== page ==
I saw something interesting, in the first few hands that Ferguson was involved in, any re-raises made him bulk at his bet and throw in the cards, also he rarely ever bet after flops in heads-up, maybe he was waiting for someone else to make a mistake (No one would and Ferguson lasted about 6 hours). As we were walking out I saw a short and slightly stocky figure make his way through the tables. I whispered over to my girlfriend, “That’s Johnny Chan.” Chan had come in late – about 40 minutes at that – and sat down at his table, without his orange. I snapped my photo, checked the time, it was about an hour in, and just as I did I heard someone say that TJ Cloutier was already out.
Day 1B: Friday – My Day
Johnny Frickin Chan
I can’t remember her name, but she was introduced as a 1983 bracelet winner, and the singer of the national anthem for our day. Unfortunately I use the term “singer” loosely, lets put it this way, she made Roseanne Barr sound like Celine Dion. It was an uncomfortable beginning to a day I hoped to be relaxed with.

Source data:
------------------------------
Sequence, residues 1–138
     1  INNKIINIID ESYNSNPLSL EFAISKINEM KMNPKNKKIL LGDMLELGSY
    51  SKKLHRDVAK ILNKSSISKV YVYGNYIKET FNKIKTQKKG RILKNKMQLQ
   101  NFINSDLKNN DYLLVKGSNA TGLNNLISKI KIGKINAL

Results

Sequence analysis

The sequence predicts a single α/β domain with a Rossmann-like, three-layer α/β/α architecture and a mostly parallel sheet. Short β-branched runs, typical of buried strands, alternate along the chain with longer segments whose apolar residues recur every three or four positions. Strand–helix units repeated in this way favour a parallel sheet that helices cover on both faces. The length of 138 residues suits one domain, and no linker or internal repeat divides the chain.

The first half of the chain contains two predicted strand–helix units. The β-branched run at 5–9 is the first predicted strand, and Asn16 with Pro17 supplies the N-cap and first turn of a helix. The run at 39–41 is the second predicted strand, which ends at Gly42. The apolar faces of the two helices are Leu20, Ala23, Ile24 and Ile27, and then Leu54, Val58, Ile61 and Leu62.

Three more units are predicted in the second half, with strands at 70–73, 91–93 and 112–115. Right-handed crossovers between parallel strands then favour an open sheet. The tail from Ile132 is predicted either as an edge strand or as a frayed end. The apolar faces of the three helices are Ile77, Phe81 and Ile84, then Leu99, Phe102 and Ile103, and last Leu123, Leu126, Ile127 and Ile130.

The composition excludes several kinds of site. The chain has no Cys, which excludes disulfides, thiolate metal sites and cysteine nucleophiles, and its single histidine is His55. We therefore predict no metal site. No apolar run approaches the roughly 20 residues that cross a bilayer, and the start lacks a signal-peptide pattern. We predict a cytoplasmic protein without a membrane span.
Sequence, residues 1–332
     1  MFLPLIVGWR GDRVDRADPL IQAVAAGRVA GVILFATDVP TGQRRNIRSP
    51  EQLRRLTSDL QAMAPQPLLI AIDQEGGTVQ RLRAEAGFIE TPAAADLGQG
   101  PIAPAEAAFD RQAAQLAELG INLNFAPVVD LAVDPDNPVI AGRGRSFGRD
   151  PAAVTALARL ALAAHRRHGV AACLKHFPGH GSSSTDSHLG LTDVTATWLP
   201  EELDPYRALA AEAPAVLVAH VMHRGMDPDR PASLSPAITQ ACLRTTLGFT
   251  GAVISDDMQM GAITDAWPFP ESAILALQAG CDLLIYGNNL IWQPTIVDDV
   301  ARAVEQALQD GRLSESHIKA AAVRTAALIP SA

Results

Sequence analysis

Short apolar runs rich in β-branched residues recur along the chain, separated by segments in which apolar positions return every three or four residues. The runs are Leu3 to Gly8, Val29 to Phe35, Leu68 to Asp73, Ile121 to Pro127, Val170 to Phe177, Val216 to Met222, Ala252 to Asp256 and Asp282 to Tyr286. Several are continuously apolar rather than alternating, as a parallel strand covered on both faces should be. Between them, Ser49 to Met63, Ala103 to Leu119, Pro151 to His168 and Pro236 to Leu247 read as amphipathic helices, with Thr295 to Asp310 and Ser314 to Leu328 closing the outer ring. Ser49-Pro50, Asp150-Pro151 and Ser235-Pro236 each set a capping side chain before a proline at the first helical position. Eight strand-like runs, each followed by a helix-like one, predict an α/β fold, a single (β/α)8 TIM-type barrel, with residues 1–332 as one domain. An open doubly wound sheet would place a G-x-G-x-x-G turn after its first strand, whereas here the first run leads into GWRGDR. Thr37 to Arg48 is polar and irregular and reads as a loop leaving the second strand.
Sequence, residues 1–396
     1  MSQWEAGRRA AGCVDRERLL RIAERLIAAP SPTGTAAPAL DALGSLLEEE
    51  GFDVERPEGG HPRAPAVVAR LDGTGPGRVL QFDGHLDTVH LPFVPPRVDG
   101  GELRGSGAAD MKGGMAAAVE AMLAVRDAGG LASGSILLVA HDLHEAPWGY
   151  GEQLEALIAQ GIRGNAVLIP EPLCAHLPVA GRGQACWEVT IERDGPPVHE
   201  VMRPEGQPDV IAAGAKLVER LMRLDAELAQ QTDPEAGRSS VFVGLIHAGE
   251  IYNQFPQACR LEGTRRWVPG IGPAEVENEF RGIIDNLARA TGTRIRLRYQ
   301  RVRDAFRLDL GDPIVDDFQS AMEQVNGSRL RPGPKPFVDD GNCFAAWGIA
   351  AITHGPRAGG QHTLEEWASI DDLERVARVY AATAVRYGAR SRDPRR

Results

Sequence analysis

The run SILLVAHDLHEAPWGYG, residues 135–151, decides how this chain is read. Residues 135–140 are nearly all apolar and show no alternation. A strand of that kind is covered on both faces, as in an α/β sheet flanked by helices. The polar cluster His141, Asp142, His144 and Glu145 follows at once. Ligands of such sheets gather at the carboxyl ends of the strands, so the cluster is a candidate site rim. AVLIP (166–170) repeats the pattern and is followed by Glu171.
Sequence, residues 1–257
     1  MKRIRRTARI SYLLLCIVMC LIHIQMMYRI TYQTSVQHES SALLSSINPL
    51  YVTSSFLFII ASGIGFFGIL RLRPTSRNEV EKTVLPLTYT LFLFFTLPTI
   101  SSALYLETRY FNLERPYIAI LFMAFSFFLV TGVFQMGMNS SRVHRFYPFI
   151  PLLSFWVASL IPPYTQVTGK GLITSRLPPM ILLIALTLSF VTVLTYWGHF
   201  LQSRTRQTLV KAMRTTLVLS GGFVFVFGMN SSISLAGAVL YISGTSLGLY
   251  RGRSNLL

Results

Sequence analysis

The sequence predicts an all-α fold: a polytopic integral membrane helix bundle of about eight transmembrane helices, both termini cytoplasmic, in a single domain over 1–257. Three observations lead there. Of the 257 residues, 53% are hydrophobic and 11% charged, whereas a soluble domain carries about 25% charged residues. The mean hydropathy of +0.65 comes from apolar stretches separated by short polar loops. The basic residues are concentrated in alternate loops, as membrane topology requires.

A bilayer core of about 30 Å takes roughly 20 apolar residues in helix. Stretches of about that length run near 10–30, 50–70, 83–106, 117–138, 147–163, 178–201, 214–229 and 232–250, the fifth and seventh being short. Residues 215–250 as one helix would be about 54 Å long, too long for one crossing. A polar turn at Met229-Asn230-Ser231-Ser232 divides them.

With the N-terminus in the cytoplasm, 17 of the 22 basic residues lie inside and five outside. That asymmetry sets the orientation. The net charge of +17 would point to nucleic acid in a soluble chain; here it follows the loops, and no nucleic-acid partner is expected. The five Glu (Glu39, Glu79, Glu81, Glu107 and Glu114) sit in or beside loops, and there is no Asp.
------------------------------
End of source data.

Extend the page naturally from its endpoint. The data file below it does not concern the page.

It was only 30 minutes in and I looked down at AK off. I raised to 150 in middle position with the blinds at 25-50. No calls until the big blind who just called. Flop brings 6, 9, K. Big blind checks and I bet 300 and he just calls. Turn brings another 9 and the big blind immediately bets 800, which would normally give me cause for concern except that I would of bet close to that amount anyways. I just called and the river brought a rag, I think a 3. Big blind wastes no time betting 2400. This makes me remove my glasses, for a second I think about folding then I review the situation. He has obviously hit the board, he probably wouldn’t go complete stone cold bluff on me and also he had played a lot of the first 12-20 hands. I put him on K and soft kicker, and he bet the nine to take the pot away from me. I finally decided to call, confident in my read and comfortable with taking an early hit with a good hand. He sighed and turned over 6c 8c and I had taken a huge step in the right direction. After the first two hour break I was at 14275 in chips, and feeling confident.